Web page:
Step aerobics, which revolutionized the fitness industry when it was introduced in the late 1980s, is a versatile training modality that can be made more or less intense by simply changing the height of the step, performing movements through different ranges of motion or adjusting the step cadence. The research-supported benefits of step training include cardiorespiratory fitness, weight management and mood enhancement.
Platform height is dependent on the exerciser’s level of aerobic fitness, current skill with step training and degree of knee flexion when the knee is fully loaded while stepping up. Deconditioned individuals should begin on 4-inch steps, while highly skilled and experienced steppers can use 10-inch steps. The most common height is 8 inches.
Regardless of fitness level or skill, participants should not exercise on a platform height that causes the knee joint to flex deeper than 90 degrees when the knee is fully loaded (when all the body weight is on the leg of the first upward step). Individuals with chronic knee problems should seek their physician’s approval to perform step training.
The head should be up, shoulders down and back, chest up, abdominals lightly contracted and buttocks gently tucked under the hips. Do not hyperextend the knees or back at any time. When stepping up, lean from the ankles and not the waist to avoid excessive stress on the lumbar spine.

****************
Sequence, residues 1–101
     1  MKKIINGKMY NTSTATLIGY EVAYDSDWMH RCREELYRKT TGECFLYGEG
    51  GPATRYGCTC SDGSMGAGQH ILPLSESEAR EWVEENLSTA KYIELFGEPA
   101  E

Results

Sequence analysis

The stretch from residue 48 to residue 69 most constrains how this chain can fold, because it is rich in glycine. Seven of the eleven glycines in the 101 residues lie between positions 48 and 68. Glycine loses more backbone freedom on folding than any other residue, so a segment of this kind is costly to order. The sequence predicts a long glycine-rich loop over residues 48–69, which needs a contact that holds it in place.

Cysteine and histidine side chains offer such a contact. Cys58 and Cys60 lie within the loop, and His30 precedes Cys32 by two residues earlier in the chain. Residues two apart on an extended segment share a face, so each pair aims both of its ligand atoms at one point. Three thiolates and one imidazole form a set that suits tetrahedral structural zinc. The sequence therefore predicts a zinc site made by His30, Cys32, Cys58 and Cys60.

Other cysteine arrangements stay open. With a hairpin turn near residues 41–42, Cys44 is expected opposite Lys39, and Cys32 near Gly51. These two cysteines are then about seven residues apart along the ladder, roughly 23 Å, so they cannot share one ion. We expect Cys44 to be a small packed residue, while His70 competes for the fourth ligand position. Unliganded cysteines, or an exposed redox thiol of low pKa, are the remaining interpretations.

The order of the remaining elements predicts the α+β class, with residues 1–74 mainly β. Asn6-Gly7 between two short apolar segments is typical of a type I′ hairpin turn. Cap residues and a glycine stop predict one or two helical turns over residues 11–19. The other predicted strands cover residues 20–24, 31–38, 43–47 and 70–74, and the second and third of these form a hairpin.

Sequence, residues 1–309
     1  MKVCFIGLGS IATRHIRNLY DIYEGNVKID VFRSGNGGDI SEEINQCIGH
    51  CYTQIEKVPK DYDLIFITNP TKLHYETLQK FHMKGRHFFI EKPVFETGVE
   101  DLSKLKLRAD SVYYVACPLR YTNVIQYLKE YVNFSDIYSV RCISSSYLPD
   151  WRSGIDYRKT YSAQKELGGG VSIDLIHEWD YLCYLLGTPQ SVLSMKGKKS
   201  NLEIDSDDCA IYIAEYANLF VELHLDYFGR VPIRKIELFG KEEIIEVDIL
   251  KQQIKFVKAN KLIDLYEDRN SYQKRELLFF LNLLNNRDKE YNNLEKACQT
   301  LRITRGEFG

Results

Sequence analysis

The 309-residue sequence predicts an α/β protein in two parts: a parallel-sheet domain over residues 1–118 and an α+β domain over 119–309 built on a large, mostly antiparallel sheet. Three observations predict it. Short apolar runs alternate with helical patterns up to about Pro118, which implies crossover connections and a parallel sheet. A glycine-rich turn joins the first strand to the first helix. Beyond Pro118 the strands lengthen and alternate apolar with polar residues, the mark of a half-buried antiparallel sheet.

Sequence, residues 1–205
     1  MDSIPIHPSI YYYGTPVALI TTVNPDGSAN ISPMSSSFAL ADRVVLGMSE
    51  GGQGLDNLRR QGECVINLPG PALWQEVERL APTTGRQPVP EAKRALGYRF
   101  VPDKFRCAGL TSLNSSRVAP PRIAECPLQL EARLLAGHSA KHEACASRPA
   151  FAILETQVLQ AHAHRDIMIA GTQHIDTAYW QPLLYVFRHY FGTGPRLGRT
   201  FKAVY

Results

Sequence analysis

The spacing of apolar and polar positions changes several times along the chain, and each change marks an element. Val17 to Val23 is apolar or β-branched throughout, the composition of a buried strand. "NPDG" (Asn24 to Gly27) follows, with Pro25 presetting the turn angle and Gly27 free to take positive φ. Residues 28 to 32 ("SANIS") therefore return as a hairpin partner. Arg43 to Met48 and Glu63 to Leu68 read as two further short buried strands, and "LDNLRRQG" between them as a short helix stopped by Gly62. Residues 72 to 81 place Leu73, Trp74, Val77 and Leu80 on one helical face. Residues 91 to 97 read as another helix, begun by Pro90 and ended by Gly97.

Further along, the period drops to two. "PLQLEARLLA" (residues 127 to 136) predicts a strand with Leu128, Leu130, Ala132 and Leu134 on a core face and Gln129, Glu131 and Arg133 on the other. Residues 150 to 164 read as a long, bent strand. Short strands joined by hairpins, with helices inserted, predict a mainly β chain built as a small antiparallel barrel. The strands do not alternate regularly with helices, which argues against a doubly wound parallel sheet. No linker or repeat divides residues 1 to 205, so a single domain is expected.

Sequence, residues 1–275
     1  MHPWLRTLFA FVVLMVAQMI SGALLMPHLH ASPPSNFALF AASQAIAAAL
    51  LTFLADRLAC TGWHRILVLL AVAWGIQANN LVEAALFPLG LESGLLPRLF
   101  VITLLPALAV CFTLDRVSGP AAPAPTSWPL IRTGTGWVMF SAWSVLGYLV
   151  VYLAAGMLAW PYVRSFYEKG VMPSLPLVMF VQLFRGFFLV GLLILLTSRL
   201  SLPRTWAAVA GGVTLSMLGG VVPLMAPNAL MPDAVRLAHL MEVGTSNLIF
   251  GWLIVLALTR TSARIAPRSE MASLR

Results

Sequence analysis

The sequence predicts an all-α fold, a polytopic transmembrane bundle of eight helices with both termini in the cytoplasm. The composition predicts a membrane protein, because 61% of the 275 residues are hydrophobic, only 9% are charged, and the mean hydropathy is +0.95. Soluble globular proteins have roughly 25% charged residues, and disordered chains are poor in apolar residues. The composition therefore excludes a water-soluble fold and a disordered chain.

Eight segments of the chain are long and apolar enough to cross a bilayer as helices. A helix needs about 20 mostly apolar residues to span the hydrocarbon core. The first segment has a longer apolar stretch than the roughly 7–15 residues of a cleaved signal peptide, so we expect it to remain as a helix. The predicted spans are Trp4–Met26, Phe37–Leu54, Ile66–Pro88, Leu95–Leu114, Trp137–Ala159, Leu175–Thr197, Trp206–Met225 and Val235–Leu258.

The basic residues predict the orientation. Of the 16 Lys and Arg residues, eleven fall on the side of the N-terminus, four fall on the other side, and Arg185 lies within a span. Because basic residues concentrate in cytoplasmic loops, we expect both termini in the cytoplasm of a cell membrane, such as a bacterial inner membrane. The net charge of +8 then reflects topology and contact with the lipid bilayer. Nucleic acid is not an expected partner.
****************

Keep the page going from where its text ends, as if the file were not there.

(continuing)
Contact the platform with the entire sole of the foot. To avoid Achilles tendon injury, do not allow the heel to land over the edge of the platform. Step softly and quietly to avoid unnecessary high impacts. Look at the platform periodically to ensure proper foot placement.
Step close to the platform (no more than one shoe length away) and allow the heels to contact the floor to help absorb shock. Stepping too far back while pressing the heel into the floor could result in Achilles tendon injury. If a step platform requires stepping a significant distance from the platform, do not push the heel into the floor. Keep the weight on the forefoot.
Change the leading foot (the foot that begins the step pattern) after no more than one minute. The leading leg experiences greater musculoskeletal stress than the non-leading leg.
Do not perform propulsion steps (in which both feet are off the floor or platform at the same time) for more than one minute at a time. Propulsion steps result in higher vertical impact forces and are considered an advanced technique.
All propulsion steps should be performed up onto the platform and not down from the platform.
To avoid stress to the support leg, do not perform more than five consecutive repeaters (in which the non-weightbearing leg repeats the movement, such as in a knee lift) on the same leg.
Master the footwork before adding the arm movements. Avoid using the arms at or above shoulder level for an extended period of time, because this places significant stress on the shoulder girdle. Be sure to frequently vary low-, mid- and high-range arm movements.
Music tempos above 128 beats per minute (bpm) are not recommended. Technique and safety are seriously compromised when music speeds are too fast.
The use of weights during the aerobic portion of step training produces little if any increases in energy expenditure or muscle hypertrophy. However, the risk of injuring the shoulder joint is significantly increased when weights are rapidly moved through a large range of motion, especially if the arms are fully extended. It is recommended that weights be reserved for the strength segment of a step training class.
American Council on Exercise: Step Training by S. Bonelli (2000) and Traditional Aerobics by K. Bricker (2000)